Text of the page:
This fall, the Chase Center in San Francisco will become the new home of the NBA’s Golden State Warriors, replacing the beloved Oracle Arena in Oakland. The new building is packed with modern amenities, including luxury lodges and suites, and upscale concessions. It will also present the most recent equipment in the world of sport: the fine arts.
Sculptures, paintings and video art are no longer reserved for galleries and museums, or even in the public square. Works of art have become de rigueur at new sports venues, appearing in plazas outside stadiums, decorating indoor halls and even on jumbotrons. In Arlington, Texas, Dallas Cowboys owner Jerry Jones filled the AT&T stadium with more than five dozen world-class works of art, including that of Ellesworth Kelly. White form and Anish Kapoor Sky mirror, the latter of which cost $ 10 million ($ 13 million if you include the surrounding black granite fountain). Mercedes-Benz Atlanta Stadium, home of the NFL Falcons and MLS’s Atlanta United FC, opened in 2017 and features 180 works by 50 different artists, culminating in Gábor Miklós. Szőke Rise up, the largest avian sculpture in the world. Although the price of the statue has never been made public, it weighs over 73,000 pounds and took Szőke two years to design and build it. Other proudly collectable stadiums include Hard Rock Field in Miami, US Bank Stadium in Minneapolis, and Lincoln Financial Field in Philadelphia.
When it opens with a Metallica concert in September, the Chase Center will feature around 40 works of art. Highlights of the burgeoning collection include a 324-inch-long metal mobile by Alexander Calder and Play sculpture by Isamu Noguchi, both on indefinite loan to the Arena from the San Francisco Museum of Modern Art for an undisclosed amount.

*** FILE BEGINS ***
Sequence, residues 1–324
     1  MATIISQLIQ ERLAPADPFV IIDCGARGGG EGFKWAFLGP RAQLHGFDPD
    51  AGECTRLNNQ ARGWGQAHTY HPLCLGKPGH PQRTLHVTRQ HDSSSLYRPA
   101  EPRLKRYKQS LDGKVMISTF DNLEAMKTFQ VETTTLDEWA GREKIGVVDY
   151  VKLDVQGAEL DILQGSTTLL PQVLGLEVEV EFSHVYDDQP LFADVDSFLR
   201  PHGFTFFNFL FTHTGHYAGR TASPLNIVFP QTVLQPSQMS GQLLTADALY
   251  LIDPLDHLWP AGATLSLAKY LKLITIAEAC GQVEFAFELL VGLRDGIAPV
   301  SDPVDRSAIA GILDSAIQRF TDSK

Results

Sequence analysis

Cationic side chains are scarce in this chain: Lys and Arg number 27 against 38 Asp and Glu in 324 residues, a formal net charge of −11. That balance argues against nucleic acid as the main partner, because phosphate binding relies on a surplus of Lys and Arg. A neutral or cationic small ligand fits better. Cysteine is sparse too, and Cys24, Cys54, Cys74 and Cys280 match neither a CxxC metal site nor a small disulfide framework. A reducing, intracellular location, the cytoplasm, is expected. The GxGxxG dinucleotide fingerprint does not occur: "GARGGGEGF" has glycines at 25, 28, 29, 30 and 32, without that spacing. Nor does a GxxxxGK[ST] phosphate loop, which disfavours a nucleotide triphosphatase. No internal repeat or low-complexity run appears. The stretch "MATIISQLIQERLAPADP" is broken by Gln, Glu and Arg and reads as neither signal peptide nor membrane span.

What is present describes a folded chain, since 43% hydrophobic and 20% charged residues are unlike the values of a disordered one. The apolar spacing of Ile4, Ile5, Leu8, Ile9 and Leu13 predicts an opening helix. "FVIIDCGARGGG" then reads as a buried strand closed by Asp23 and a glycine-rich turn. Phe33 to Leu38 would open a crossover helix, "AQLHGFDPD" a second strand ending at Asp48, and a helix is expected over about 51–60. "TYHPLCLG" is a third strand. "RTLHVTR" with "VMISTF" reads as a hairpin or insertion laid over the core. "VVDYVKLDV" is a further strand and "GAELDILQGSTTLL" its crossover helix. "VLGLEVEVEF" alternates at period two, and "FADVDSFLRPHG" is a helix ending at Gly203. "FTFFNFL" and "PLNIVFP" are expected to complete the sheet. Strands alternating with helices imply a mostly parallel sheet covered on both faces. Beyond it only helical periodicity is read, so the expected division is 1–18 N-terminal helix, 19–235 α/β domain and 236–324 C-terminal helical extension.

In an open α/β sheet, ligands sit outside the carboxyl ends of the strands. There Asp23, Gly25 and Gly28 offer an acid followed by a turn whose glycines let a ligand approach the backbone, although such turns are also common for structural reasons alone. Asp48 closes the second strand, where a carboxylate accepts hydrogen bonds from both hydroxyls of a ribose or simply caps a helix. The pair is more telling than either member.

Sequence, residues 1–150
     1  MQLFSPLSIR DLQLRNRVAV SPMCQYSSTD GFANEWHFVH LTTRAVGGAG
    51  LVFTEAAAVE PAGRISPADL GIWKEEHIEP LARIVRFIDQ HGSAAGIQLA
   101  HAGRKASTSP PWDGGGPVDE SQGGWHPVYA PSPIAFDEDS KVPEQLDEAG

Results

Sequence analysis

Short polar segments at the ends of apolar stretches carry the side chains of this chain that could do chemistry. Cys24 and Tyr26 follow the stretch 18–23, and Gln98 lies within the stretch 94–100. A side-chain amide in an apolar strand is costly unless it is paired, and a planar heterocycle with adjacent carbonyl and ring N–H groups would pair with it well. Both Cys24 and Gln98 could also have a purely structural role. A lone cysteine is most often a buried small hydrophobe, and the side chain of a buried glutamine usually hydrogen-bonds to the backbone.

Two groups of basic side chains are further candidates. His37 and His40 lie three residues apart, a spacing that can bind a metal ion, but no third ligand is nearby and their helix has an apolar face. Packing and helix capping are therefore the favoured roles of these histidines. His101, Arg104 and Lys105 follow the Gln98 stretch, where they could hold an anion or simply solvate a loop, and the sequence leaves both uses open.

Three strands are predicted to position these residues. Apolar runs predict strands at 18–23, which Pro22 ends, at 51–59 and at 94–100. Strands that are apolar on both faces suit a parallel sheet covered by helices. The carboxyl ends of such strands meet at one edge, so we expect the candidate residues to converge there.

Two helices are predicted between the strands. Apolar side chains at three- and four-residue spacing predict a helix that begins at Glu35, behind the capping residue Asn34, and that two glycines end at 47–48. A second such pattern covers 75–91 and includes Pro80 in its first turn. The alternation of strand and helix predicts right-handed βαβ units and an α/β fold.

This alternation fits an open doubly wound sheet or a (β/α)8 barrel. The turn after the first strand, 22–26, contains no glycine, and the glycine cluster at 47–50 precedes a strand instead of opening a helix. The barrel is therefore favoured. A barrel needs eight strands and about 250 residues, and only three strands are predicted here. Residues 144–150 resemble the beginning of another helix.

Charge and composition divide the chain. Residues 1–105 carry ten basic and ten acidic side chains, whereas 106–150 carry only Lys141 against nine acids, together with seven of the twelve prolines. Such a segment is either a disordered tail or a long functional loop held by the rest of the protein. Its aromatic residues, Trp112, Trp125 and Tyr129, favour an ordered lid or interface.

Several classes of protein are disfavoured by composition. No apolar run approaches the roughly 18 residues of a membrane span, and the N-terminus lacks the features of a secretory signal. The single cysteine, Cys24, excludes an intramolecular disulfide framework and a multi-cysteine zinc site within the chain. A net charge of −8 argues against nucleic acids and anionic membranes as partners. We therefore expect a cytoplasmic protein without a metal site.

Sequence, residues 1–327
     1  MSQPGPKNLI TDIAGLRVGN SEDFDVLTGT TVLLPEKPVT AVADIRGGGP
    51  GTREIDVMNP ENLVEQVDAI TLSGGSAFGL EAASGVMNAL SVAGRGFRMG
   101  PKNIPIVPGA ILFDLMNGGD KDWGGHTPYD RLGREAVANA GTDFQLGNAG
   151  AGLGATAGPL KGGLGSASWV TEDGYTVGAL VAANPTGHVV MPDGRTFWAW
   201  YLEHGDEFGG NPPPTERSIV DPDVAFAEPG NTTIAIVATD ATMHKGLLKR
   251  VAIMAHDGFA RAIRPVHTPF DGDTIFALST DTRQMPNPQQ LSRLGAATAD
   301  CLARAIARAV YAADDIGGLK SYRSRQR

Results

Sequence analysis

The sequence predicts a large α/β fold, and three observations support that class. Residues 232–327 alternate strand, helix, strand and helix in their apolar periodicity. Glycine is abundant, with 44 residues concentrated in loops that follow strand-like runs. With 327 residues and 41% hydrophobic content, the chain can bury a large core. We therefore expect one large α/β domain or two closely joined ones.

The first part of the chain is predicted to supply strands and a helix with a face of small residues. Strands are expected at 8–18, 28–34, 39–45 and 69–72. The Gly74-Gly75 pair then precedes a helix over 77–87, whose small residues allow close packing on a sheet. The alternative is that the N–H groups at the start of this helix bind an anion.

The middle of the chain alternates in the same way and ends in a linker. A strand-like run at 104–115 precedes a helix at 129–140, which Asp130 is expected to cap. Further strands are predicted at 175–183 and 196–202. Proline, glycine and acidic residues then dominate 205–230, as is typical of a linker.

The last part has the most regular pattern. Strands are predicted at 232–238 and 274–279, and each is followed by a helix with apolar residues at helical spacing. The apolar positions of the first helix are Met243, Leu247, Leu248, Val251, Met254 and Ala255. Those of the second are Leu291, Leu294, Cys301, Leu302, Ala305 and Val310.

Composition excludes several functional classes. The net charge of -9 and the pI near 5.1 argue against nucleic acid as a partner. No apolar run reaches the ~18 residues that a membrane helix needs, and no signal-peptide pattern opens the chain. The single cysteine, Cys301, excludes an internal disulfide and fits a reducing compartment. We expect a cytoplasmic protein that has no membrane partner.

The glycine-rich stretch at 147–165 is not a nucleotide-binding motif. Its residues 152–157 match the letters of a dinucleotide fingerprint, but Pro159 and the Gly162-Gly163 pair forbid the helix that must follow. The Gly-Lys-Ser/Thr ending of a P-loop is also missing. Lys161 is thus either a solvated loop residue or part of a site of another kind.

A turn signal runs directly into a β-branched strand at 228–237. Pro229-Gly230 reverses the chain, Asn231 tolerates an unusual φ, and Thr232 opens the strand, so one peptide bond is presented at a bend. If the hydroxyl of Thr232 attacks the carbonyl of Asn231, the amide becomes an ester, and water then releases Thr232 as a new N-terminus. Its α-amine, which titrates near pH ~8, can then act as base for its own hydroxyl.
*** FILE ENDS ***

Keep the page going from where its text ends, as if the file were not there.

So what exactly is the reason for the tendency to be high minded?
As you might expect, the relatively sudden proliferation of fine art in stadiums and arenas worth billions of dollars is not entirely due to goodwill. According to artnet News, the artwork isn’t just there to enrich the fan experience or enhance the aesthetic of the stadium. It’s about dollars. The work aims to give the buildings a high-end character to make them more attractive for rental when the home team is not in town or in low season. The owners and operators of these state-of-the-art venues hope they can attract (very) well-heeled customers who are looking for a giant venue to host their next birthday party, wedding, or corporate event.
Of course, the fact that arenas pay museums for the right to “borrow” their art raises thorny questions about whether or not these institutions should be able to rent their collections for profit. Neither the American Alliance of Museums nor the Association of Art Museum Directors has spoken out and actively discouraged this practice so far. In fact, some in the art world see the trend as a good way to expose the public to art.
“The more people who can see and appreciate art, the better,” Douglas S. Jones, director of the Florida Museum of Natural History in Gainesville and former chairman of the board of directors, told artnet. ‘American Alliance of Museums. “The stereotypical sports fan may never darken the door of an art gallery or museum, so if he sees art that way, it’s great.”
As arenas and stadiums continue to develop their thriving collections, it looks like art is here to stay as part of the modern stadium experience. And given the amount of public funding spent on these sites, that might not be a bad thing.